The City of Victoria has been granted intervener status in Saskatchewan’s constitutional challenge of the federal carbon tax.
The Supreme Court of Canada has accepted the joint application of Victoria, Vancouver, Squamish, Nelson, Richmond and Rossland as interveners in the federal government’s carbon pricing case, expected to be heard in March.
The high court must decide whether the carbon tax is constitutional and if the federal government can impose it on provinces that have chosen not to implement the tax. ‘The federal tax has already been imposed on Ontario, New Brunswick, Saskatchewan and Manitoba. The federal government recently announced that it will impose a carbon tax on Albertans beginning Jan. 1.
The six municipalities are asking the Supreme Court to uphold the federal government’s Greenhouse Gas Pollution Pricing Act.
“This is in line with the local governments’ declarations of a climate emergency and emission-reduction targets that have been set in each community,” said a joint statement from the municipalities. “The municipalities recognize the importance of urgent, collaborative action at all levels of government to reduce greenhouse-gas emissions.”
Victoria Mayor Lisa Helps said a carbon price helps people and businesses make “cleaner choices.”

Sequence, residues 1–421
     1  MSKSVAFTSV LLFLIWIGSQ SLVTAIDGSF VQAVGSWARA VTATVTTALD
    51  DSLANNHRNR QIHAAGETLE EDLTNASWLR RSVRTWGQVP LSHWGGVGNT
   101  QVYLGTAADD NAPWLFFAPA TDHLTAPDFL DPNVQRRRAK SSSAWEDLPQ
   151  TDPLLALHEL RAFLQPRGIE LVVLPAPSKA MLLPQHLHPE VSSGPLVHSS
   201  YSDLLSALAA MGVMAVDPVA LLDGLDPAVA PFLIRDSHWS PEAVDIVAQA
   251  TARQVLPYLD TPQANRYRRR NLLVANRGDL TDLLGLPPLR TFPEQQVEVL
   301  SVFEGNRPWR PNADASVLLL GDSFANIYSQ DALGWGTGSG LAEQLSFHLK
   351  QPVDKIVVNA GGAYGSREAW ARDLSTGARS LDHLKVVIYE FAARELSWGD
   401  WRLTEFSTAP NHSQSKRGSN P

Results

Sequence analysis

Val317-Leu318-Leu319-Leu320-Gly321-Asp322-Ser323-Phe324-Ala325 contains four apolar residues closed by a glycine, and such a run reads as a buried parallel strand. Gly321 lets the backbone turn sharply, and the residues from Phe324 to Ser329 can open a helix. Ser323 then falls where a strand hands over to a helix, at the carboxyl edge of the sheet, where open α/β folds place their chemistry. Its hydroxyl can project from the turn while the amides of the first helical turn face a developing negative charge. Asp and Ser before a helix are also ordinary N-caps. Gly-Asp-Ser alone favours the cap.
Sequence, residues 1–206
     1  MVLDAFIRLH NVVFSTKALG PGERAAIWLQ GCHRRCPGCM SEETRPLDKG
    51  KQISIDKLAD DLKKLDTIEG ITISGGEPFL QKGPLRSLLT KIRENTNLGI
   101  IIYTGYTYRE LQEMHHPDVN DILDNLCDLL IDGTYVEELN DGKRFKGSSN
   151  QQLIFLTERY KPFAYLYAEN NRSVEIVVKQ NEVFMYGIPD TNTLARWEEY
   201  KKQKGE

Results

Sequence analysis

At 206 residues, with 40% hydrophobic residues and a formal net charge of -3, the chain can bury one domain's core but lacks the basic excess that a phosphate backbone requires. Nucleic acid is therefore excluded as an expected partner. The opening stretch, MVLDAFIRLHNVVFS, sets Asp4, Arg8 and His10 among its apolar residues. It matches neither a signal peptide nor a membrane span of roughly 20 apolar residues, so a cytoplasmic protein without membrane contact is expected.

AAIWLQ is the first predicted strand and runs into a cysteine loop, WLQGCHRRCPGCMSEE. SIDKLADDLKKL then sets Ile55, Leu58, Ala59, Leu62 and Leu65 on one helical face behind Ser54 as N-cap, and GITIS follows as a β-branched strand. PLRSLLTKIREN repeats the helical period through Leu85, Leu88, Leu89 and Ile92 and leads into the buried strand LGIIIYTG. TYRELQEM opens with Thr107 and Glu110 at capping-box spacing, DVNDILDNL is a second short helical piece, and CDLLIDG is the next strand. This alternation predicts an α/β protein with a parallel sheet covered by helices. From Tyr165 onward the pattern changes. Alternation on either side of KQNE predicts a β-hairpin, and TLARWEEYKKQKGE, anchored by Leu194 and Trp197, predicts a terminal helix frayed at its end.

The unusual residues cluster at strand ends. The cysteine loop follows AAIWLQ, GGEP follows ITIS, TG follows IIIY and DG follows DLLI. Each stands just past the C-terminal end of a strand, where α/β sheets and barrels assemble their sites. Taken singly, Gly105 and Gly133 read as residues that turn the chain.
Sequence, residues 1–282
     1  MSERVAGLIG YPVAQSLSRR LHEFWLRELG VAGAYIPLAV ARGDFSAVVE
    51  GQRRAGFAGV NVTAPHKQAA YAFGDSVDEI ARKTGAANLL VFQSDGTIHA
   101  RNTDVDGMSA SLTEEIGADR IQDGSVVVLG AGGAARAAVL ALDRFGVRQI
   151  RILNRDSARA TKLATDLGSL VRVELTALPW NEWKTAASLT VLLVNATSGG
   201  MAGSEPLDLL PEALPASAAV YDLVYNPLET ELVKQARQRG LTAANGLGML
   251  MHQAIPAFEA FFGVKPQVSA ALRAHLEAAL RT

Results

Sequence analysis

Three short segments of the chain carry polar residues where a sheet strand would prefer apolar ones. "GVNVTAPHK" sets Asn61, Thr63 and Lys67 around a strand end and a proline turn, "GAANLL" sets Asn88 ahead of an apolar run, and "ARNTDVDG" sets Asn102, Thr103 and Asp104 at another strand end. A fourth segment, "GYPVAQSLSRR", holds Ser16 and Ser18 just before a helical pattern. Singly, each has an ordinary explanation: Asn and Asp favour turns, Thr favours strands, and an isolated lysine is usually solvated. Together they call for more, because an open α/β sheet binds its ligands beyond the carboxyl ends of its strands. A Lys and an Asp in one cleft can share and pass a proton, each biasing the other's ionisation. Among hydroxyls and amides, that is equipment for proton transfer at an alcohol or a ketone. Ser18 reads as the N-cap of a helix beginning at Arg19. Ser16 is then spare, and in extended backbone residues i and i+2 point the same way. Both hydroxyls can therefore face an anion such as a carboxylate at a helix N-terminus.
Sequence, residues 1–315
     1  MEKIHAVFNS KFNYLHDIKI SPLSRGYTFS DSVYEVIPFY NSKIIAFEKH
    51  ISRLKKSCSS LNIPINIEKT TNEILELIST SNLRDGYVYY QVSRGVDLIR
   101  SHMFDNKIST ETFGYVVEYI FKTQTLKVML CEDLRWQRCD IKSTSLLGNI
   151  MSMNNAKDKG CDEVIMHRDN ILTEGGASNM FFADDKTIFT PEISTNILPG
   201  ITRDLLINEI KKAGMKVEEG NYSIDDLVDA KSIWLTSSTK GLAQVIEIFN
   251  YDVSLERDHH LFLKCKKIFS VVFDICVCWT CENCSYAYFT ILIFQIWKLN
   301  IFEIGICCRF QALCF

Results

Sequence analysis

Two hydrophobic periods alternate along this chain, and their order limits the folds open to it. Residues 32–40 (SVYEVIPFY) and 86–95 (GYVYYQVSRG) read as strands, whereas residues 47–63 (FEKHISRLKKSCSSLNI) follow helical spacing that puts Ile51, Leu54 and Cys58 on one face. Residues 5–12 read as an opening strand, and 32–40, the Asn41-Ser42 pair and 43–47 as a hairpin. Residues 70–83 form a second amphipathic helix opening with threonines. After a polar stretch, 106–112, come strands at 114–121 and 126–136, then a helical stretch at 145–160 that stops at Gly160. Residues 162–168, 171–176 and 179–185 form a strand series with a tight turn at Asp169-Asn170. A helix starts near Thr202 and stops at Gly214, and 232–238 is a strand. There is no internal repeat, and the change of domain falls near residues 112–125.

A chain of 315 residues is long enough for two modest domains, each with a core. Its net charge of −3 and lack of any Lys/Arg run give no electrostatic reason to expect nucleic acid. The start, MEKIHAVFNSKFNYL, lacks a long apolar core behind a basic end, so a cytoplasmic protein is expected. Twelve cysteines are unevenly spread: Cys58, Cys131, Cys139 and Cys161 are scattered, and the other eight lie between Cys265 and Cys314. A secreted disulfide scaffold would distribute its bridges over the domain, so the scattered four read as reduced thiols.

“This means driving less and using active modes of transportation, opting for electric vehicles and building more energy-efficient homes,” she said in a statement.
B.C.’s net emissions fell by 4.7 per cent over eight years after the province implemented its carbon tax, while maintaining a healthy economy, the statement said. The revenue-neutral carbon tax is one of the most effective and fair ways that governments can address climate change, it said, and is a model for other jurisdictions.
The Supreme Court of Canada website says interveners or groups of interveners are entitled to file a single submission no longer than 10 pages, and can present oral arguments no longer than five minutes at the hearing of the appeal.
B.C.’s attorney general has also been granted permission to present a five-minute oral argument at the hearing of the appeal.
Vancouver Mayor Kennedy Stewart said a national price on pollution is the single-most-effective way to take action against the climate crisis. “Cities are feeling the brunt of climate change and without a federal carbon pricing scheme, it will fall to local governments to pick up the slack,” Stewart said in the joint statement.
District of Squamish Mayor Karen Elliott said municipalities are at the forefront of climate change, preparing for and mitigating against effects such as flooding, forest fires and sea-level rise.
The City of Richmond has already successfully slashed emissions by more than 12 per cent since 2007 through strategies such as use of electric vehicles, policies for energy-efficient developments and an award-winning district energy infrastructure, Mayor Malcolm Brodie said. “Maintaining a national approach to carbon pricing supports the work we and other municipalities are doing to build sustainable and environmentally friendly communities,” he said in the joint statement.